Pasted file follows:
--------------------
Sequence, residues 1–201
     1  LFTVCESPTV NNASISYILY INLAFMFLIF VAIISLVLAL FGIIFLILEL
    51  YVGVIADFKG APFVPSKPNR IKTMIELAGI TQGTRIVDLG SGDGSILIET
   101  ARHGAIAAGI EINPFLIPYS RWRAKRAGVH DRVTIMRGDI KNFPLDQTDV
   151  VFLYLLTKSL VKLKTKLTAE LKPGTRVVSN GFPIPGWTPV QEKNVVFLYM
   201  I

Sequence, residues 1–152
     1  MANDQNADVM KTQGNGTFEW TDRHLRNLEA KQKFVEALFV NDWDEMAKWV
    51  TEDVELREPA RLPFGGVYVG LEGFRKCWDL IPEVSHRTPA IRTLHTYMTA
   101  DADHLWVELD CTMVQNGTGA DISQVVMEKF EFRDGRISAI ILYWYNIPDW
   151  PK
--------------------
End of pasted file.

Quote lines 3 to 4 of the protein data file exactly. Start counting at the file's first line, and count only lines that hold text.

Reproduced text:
    51  YVGVIADFKG APFVPSKPNR IKTMIELAGI TQGTRIVDLG SGDGSILIET
   101  ARHGAIAAGI EINPFLIPYS RWRAKRAGVH DRVTIMRGDI KNFPLDQTDV